Then, my jail cell opened. It was my dad. I couldn’t recognize him. And as you can imagine, that shook him.
– – –
I was taken to a military hospital, then sent to a psychiatric hospital out of state. I was medicated and sent home after two weeks. I got a diagnosis of atypical psychosis. I was medicated for six months, and my psychiatrist wanted to see if I could function without medicine.
I managed for a while but became psychotic again. For the next four years, I went through 15-month cycles on and off medication. After an actual suicide attempt, another hospitalization and a diagnosis of manic depression with psychotic symptoms — I realized I needed to stay on medication. My only other option was the grave.
– – –
Somehow along the way, I managed to finally graduate with an undergraduate degree. The military base I used to work at had a new contractor that hired people with disabilities. It was supportive work, which I needed. It got me outside with fresh air. The daily labor gave me exercise, which had its own healing effects. It gave me time to build up a work ethic and a routine. I’ve now worked there for almost 10 years.
– – –
Medicated, I’m free of positive symptoms, and my psychiatrist thinks I am in remission from schizophrenia. After six stable years in, I met my soulmate. I shared my entire history with her on date number two, and there was still a date number three. We were married in 2017, bought a home in the country and have a life filled with love.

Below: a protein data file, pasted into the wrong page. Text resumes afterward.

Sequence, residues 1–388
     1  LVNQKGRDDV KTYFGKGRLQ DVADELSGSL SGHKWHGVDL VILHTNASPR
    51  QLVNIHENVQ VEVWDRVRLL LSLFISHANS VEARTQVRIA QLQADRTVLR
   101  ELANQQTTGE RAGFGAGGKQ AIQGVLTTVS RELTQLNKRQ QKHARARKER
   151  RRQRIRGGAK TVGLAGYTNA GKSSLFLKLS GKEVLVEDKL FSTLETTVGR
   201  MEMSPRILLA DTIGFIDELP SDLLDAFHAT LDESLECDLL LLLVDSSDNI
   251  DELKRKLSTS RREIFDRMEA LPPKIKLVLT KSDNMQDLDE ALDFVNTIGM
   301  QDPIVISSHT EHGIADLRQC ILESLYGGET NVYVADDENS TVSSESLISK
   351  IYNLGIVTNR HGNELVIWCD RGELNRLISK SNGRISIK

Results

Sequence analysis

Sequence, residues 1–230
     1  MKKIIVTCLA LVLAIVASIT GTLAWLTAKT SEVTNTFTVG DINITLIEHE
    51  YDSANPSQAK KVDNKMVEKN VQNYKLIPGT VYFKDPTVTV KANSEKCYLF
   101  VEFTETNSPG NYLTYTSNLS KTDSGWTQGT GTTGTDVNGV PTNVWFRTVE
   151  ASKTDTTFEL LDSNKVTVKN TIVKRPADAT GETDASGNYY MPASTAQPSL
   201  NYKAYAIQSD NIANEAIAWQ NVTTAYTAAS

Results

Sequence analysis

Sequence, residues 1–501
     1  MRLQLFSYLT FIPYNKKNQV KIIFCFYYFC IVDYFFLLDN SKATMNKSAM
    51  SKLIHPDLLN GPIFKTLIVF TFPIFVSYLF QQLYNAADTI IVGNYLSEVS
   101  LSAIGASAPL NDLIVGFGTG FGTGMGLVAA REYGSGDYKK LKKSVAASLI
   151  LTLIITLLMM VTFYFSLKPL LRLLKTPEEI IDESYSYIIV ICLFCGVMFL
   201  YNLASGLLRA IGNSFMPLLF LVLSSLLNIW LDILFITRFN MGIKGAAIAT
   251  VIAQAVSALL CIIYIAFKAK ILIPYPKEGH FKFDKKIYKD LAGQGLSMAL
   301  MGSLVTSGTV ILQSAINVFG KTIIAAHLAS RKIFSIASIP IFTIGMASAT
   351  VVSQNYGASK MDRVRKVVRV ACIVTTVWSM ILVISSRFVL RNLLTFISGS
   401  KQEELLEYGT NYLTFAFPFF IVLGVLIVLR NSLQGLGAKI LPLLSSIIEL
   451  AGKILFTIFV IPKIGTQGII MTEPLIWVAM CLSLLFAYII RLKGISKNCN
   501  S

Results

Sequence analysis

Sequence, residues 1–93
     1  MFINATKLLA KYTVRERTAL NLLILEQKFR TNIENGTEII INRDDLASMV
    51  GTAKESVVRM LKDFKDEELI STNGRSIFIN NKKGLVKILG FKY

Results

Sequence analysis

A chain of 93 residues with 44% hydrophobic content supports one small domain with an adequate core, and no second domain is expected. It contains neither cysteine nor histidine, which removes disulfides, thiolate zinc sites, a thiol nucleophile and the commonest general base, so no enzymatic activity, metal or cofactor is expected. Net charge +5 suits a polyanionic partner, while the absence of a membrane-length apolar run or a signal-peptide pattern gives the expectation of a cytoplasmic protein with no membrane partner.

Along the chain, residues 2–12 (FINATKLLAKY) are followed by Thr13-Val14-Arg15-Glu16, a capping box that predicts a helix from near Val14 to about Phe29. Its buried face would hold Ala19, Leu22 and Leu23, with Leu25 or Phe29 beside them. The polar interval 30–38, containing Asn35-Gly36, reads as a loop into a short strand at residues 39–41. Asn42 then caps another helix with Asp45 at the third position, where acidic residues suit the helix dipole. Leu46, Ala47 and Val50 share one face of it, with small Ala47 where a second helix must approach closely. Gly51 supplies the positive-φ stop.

– – –
Not every story is happily ever after. Or — not every roller coaster ends with peace.
– – –
To my parents:
I couldn’t have recovered without them. My dad was always the calm to get me through the storm, and my mom always helped me build things back up and kept me focused on moving forward.
To those facing mental illness:
There can be better days. Don’t be afraid to reach out. Whether it is leaning on a friend or family member to overcome the feeling of loneliness or seeking medical help if things don’t seem right. Early intervention can save a lot of pain and heartache and can lead to better outcomes.
To those with loved ones facing mental illness:
We need you. And we know our struggles can make your life hard and uncomfortable. But the patience and support you show to us can literally be the difference in whether we have the courage to make it through and the resources to seek professional help when needed.
To those who are fortunate not to personally encounter mental illness:
I challenge you to join me as an advocate to break through the stigma and form acceptance. Our country needs more supported employment and structure for those with mental illness. And a little bit of simple kindness can go a long way when encountering those who are struggling.
– – –
I experienced many dreadful years, I did things I’m far from proud of, and I’ll forever fall into the classification of “treated for mental illness.” But I consider myself one of the lucky ones. I had the support system to get me through some of my toughest days. I got medical help at the right time. And I carry out a positive and productive life.
My story may sound shocking to those who know me, but never knew these details. Parts of my story may sound like just a “normal case” to someone dealing with mental illness. And to some, it may make you feel uncomfortable. But my hope is that my story may bring just a glimmer of light to those living in the darkest days.
Photo by Silviu Beniamin Tofan on Unsplashmy